When I first decided to go to the opera some fifty years ago, my main aim was to see a staging of Wagner’s Ring at the English National Opera. But in the meantime a senior colleague persuaded me to try the more traditional fare of Cav and Pag (Cavelleria Rusticana and I Pagliacci). It was dreadful — one of those absurd modernist productions the ENO would foist on unwary opera-goers. Fortunately, this disappointment did not put me off returning to the opera.
Even with old warhorses, it is still possible to be innovative, as is demonstrated by Damiano Michieletto’s Royal Opera production of this popular double bill by different composers, Pietro Mascagni and Ruggero Leoncavallo. He creates a convincing linkage of the two operas, as the travelling players of Pagliacci appear in the village where the gritty story of Cavalleria Rusticana takes place. In each opera a silent scene from the other is played out: in the intermezzo of Cav we see Nedda’s lover Silvio (from Pagliacci) as the junior baker in Mama Lucia’s bakery, and in the Pagliacci intermezzo we see Santuzza talking to a priest before her reconciliation with Mama Lucia in Cavalleria Rusticana.
Productions of the two operas are usually linked, and indeed when Leoncavallo brought Pagliacci to the stage in 1892 he had in mind the brilliant success of Mascagni’s Cavalleria Rusticana — written to win a prize competition — two years earlier. In its modern setting here, Cavalleria Rusticana displays the gritty reality of a poor community in 1960s southern Italy, beginning with the final scene of a dead body lying on stage. We know what’s coming, therefore, but the lead-up to such scenes are found constantly in modern journalism, and both these operas are in the Italian post-romantic tradition of opera verismo, reflecting the coarse reality of everyday life.
Pagliacci, about a group of itinerant players going from village to village, uses doubles that appear on the performing stage of its second act while the real performers are off-stage. The play they are putting on mirrors the real life situation of the troupe where Canio’s wife Nedda decides to run away with her lover Silvio. Excellent ghostly lighting in the back-stage scenes, where the cast climb through the mirror in Canio’s dressing room, and Canio sees the (on-stage) audience as conspirators in his humiliation.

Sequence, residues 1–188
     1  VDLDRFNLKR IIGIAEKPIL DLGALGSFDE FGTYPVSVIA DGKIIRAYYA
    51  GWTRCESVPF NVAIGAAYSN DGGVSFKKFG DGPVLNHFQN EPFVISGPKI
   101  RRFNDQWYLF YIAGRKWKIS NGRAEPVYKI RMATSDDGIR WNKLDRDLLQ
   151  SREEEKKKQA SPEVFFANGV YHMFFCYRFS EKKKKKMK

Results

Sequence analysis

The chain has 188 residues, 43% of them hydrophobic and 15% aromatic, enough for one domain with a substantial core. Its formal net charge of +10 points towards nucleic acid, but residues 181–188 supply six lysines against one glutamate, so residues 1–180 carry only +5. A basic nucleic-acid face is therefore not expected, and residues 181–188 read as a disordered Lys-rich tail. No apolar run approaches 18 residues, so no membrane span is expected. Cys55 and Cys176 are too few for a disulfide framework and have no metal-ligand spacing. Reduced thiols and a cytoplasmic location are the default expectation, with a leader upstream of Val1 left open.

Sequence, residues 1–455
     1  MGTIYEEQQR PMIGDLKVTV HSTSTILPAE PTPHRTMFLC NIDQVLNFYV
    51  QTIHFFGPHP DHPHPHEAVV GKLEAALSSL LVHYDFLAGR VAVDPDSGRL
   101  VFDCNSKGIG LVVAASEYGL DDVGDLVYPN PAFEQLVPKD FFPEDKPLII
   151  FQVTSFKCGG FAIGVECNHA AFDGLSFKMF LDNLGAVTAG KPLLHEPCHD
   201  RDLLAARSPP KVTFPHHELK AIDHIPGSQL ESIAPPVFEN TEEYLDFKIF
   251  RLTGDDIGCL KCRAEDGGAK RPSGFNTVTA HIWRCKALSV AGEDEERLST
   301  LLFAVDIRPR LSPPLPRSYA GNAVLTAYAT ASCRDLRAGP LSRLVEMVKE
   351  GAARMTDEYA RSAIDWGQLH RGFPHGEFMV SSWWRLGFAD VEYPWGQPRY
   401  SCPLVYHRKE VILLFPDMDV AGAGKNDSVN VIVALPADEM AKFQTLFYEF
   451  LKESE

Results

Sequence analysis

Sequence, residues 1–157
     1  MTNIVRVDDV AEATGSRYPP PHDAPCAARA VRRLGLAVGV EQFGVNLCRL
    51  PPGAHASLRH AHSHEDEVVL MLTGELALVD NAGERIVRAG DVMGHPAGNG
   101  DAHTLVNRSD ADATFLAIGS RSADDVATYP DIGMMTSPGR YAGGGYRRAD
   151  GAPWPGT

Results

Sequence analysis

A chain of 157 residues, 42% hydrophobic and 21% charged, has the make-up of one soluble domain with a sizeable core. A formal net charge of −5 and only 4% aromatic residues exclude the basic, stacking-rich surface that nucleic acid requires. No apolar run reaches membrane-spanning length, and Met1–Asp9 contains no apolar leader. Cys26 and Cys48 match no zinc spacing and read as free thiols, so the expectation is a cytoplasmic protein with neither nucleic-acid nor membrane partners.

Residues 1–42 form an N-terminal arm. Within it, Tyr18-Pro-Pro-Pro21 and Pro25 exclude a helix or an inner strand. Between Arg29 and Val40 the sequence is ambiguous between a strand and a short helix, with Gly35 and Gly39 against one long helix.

Musically this was an unadulterated treat under the baton of Daniel Oren, bringing out the theatricality of Cav and the more subtle drama of Pag, where Canio tells Nedda that, blinded by passion he had hoped for sympathy if not for love, before calling her a vile whore. The villagers shout bravo as they still think they are seeing a theatrically convincing play, but as Nedda still refuses to name her lover, Canio stabs her knowing that Silvio in the audience will be forced to reveal himself. He jumps onto the stage, and Canio makes it a double murder, before announcing to the audience La commedia è finita.
Among an excellent cast Dmitri Platanias as Tonio in Pagliacci delivered an utterly gripping aria to the on-stage audience, promising a great performance to come. Indeed it was, and with Anna Princeva showing huge charm and theatricality as a beautiful Nedda, and Andrzej Filończyk and Jorge de León singing strongly as Silvio and Canio, Pagliacci ended the evening to immense applause. That applause applied equally to the terrific performance of Cavalleria Rusticana in the first half, with Roberto Alagna a hugely compelling Turiddu and Aleksandra Kurzak as his wife Santuzza. Rachael Wilson as his lover Lola, Elena Zilio as his mother Mamma Lucia, and Dmitri Platanias as Alfio the carter, made a formidable cast.
Opera verismo offers a terrific spectacle and should never be done in the way I first saw it, with meretricious directorial insights. This is high-octane opera for audiences that want to be moved — and we were.
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